Debt in euro countries is falling as a result of dynamic economic growth, with Greece standing out positively, the German economic newspaper points out Handelsblatt. “During the pandemic, the debt in Greece at one point reached a percentage of more than 200% of GDP. However, conditions have improved significantly, […] with the country’s public finances being in a better state than before the pandemic,” comments HB.

“The sharp increase in inflation also contributes to the reduction of the debt ratio, as the value of the nominal GDP increases, with the result that the debt automatically represents a smaller percentage of it. In addition, the state collects more taxes by increasing the prices of goods and services.” For the next two years, “it is predicted that debt levels will continue to decrease. However, the pace will slow down’, as inflation will affect social benefits and by extension cause an increase in government spending.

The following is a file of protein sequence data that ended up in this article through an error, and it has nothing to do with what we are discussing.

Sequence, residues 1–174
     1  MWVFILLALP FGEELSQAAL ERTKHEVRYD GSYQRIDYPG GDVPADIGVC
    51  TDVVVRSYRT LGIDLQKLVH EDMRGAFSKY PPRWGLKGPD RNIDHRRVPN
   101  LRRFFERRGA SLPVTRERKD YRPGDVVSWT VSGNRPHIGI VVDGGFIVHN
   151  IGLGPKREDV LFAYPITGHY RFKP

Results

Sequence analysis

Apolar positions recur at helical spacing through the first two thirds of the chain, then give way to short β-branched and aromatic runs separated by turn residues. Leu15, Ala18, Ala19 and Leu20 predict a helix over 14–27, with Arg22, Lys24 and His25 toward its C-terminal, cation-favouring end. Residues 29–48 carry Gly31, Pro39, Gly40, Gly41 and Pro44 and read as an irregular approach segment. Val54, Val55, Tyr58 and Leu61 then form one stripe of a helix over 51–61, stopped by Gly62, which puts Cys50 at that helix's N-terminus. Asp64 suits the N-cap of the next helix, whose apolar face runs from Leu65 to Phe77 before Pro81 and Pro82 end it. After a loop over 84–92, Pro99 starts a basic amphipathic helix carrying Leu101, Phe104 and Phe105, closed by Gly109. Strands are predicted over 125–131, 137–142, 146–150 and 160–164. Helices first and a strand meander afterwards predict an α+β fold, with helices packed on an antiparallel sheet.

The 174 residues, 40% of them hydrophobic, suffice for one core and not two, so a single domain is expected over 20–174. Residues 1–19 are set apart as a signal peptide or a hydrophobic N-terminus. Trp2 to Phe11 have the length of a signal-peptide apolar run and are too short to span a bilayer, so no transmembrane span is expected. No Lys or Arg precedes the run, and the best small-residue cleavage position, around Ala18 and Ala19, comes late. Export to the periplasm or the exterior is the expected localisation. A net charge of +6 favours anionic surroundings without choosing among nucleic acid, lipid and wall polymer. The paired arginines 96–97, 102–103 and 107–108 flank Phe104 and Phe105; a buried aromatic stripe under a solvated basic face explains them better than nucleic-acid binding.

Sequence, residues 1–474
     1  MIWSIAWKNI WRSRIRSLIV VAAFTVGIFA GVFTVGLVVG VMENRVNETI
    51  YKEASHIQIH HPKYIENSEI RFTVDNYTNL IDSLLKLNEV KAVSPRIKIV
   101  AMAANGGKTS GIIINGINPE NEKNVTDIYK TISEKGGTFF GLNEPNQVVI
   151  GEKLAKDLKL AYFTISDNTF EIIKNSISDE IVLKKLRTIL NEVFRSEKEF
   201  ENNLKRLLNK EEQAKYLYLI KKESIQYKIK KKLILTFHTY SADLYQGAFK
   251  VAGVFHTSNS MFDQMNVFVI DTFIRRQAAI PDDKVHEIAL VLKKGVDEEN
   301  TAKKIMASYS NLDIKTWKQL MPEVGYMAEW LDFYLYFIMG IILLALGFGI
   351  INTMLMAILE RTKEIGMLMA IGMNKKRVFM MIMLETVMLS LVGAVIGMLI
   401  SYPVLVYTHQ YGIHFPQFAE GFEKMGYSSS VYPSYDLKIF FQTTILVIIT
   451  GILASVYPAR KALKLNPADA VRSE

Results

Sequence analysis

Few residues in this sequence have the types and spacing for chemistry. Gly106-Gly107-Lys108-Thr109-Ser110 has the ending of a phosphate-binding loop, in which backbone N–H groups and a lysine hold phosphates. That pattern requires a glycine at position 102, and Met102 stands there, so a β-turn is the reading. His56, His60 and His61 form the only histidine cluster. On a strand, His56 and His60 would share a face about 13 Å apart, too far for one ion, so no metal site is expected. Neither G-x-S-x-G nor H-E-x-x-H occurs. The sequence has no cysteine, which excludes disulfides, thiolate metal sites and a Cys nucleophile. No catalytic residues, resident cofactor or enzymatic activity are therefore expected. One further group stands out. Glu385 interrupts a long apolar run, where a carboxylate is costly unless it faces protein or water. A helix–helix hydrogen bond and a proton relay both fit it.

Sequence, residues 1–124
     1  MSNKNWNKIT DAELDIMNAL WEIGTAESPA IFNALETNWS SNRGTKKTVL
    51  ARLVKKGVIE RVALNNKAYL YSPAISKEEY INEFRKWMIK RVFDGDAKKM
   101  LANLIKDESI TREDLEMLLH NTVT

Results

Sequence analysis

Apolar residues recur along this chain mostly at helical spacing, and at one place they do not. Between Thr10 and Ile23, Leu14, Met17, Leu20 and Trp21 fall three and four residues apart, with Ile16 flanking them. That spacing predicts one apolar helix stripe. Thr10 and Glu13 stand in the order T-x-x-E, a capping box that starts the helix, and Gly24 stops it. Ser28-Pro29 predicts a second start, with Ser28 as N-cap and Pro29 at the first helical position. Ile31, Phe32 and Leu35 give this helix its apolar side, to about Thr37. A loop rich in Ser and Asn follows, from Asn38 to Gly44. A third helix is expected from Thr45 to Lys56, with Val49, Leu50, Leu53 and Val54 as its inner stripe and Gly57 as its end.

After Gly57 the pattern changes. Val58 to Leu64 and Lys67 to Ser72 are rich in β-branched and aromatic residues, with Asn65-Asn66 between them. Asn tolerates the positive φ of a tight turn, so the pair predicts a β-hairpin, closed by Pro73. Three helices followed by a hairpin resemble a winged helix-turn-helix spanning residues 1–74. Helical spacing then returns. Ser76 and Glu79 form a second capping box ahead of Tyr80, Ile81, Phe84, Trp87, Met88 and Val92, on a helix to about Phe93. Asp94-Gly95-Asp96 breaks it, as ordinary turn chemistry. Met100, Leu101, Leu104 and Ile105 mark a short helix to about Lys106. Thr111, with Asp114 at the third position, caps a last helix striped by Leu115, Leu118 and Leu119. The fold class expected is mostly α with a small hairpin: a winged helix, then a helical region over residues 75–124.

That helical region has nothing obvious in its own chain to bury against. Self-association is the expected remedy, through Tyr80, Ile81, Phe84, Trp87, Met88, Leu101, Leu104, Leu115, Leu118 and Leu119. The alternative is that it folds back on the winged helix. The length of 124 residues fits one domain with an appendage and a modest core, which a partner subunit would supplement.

HB also reports that next year Greece is expected to create a surplus in its primary budget, as happened with Portugal in 2022. “Therefore, the rating agency Fitch has recently upgraded the credit rating of the two countries that were once in crisis.” Also, the funds from the European Recovery Fund are of vital importance, as “they are directed mainly to the countries of the European south and for them they represent a financial injection outside the national budget. […] At the same time, it is also a strong incentive for governments to remain fiscally disciplined, as, otherwise, they risk losing funds.” The increase in basic interest rates by E.K.T. it also doesn’t look threatening: “due to the long duration of European bonds, higher interest rates will weigh on government budgets in only two or three years,” the financial paper concludes.